Wilkowski highly recommends that Regent Law students, who are interested in working as in-house corporate counsel, seek internships with a company to better appreciate the training and experience they will need and determine a corporate counsel position that best suits their passions and strengths.
Wilkowski reiterated, “Unless you are joining your family’s business, most companies do not hire corporate counsel directly out of law school. Experience in a law firm provides an excellent foundation for a successful in-house corporate counsel career. You’re going to learn client relationship skills and how to practice law. Ideally, you need to develop a value-added skill set, such as litigation management, that you can provide the company right out of the gate.”
Wilkowski began a legal externship program at Baker Concrete in 2009. In 2012, Wilkowski welcomed his first summer intern from Regent Law, and his second intern from Regent Law started working at Baker Concrete this summer. His first intern received a coveted judicial clerkship with an Arizona appellate judge.
“One of my greatest joys in life is to mentor and develop young people so they can successfully discern God’s calling on their life and glorify Him by serving Him in the legal sector with their unique gifts and talents.”
Adeline Allen '11 never imagined that she would be a tenure-track professor at Trinity Law School in Santa Ana, Calif., less than one year after she graduated from Regent University School of Law.
Allen recalls that as a third-year law student, she was concerned about her future employment. While she networked and applied to positions at a number of law firms, they told her the same thing: “We like you a lot, but we can’t hire you right now because we’re in a recession.”
Allen prayed and submitted her situation to God. Meanwhile, she continued serving as Executive Editor of the Law Review and kept up her grades. Later that school year, she received an amazing opportunity.
A friend told her about a teaching position at Trinity Law School, a California Bar-accredited law school that teaches from a Biblical perspective. Allen applied and was invited to interview, which included teaching a Contracts II class to first-year law students.
To prepare for her interview, Allen asked her deans and professors about what they look for in hiring a Christian law professor. They gave her advice on how to teach a law school class, Socratic method and all, as well as how to integrate faith and law. They also prayed for her.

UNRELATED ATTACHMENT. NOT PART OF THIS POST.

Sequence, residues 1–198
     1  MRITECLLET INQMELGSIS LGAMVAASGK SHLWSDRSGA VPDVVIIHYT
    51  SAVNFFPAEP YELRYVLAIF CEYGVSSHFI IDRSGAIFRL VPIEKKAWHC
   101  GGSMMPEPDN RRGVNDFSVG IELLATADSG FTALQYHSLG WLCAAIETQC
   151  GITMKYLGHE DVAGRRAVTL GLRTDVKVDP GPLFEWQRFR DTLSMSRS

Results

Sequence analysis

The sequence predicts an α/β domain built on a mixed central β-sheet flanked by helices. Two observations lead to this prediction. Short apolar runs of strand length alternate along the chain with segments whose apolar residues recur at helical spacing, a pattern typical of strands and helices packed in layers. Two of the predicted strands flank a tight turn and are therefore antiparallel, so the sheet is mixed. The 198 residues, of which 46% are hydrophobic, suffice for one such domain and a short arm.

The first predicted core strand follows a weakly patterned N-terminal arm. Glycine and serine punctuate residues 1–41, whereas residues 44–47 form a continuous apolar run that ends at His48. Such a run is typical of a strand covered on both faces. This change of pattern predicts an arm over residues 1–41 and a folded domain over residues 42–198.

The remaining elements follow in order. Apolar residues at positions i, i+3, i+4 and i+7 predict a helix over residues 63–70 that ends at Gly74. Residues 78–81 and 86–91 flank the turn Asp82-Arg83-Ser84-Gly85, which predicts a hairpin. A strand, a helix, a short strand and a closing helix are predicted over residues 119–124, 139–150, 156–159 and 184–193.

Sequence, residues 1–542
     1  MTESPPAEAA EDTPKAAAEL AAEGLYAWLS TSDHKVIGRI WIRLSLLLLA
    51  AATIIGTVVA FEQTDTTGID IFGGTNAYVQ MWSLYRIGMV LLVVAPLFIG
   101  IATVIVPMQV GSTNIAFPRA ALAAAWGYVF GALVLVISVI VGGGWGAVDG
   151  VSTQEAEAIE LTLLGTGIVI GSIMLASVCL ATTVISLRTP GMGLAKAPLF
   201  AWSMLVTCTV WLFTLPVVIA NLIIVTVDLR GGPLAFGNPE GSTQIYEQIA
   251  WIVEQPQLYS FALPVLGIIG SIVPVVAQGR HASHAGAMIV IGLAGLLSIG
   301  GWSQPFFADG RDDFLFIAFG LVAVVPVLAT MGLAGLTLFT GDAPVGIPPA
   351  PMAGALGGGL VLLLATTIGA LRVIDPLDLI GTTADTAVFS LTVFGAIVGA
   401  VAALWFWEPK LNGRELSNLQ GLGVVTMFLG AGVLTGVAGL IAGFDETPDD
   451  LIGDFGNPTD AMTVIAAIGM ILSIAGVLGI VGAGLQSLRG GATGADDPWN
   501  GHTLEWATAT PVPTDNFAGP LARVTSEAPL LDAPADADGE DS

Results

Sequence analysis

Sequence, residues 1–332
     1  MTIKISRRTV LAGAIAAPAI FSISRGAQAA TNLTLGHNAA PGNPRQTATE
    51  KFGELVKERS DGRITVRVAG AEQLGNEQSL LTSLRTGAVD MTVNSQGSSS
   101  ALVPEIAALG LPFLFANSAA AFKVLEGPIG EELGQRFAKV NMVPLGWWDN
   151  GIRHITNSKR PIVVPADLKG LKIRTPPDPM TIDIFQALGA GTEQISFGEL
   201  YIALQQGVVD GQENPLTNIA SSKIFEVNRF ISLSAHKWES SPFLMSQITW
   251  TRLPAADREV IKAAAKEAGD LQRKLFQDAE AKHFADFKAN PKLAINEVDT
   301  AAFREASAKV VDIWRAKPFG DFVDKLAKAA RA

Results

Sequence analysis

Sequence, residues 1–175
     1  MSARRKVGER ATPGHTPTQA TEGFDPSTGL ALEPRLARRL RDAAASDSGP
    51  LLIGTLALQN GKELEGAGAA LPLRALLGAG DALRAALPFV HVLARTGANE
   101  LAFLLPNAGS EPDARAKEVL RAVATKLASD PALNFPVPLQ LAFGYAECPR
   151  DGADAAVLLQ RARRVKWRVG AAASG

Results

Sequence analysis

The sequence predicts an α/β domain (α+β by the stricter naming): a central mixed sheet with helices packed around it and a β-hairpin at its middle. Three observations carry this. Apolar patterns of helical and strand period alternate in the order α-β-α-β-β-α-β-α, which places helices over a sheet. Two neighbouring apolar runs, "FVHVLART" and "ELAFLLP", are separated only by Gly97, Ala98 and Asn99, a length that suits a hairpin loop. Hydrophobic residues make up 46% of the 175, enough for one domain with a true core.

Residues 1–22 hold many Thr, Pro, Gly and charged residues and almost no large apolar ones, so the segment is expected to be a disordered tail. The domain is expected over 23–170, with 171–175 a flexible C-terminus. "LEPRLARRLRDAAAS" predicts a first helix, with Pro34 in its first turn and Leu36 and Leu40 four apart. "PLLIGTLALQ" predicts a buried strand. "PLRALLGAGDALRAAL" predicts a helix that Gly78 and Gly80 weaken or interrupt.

Later, the dean of Trinity Law School called Allen and told her that she was their favorite candidate. Allen couldn’t believe that a 3L could become a law professor so soon after graduating.
“I ascribe all that to the glory of God and to the grace of God,” says Allen.
Allen has taught at Trinity Law School since December 2011 and considers her job a wonderful fit. “I love teaching,” she says. “I sense I am really living out my legal calling. I love equipping my students for their calling with the gift of teaching the Lord has given me.”
Allen is deeply grateful for the excellent mentorship she received at Regent Law.
“I remember how well my professors taught me and my classmates, how they personally cared for us, and how moved I was when they prayed for me at the end of an office visit,” she recalls. “So much of my teaching style and philosophy is modeled after that of Regent Law deans and professors.”
Allen hopes that she inspires her students to use their legal professions to honor God and serve their clients in the same way Regent Law professors inspired her.
Nathaniel Pierce '08 (L) will tell you that he and his colleague Gabriel McCoy '11 (R) are just two hard-working legal professionals who are very excited about Pierce/McCoy, a corporate transactional law firm in Norfolk, Va. Their vision for Pierce/McCoy, however, is anything but ordinary.
Gabe first met Nat when Gabe was deciding which law school to attend. Gabe called the law school’s Business Transactions Law Society to learn more about Regent Law’s business law programs and spoke with Nat, then president.
“That conversation was a sign of things to come,” says Gabe. “Later, Nat was an associate at the law firm where I had my first clerkship. I was his intern, and we hit it off pretty much right away. We realized we wanted to run our own practices the same way and had the same drive and the same goals. A few years later, we decided to take a chance and strike out on our own.”
In March 2013, they launched Pierce/McCoy in the Waterside area of Downtown Norfolk. They chose to locate themselves in Hampton Roads rather than N.J., N.Y., or Washington, D.C., because those areas are saturated with lawyers.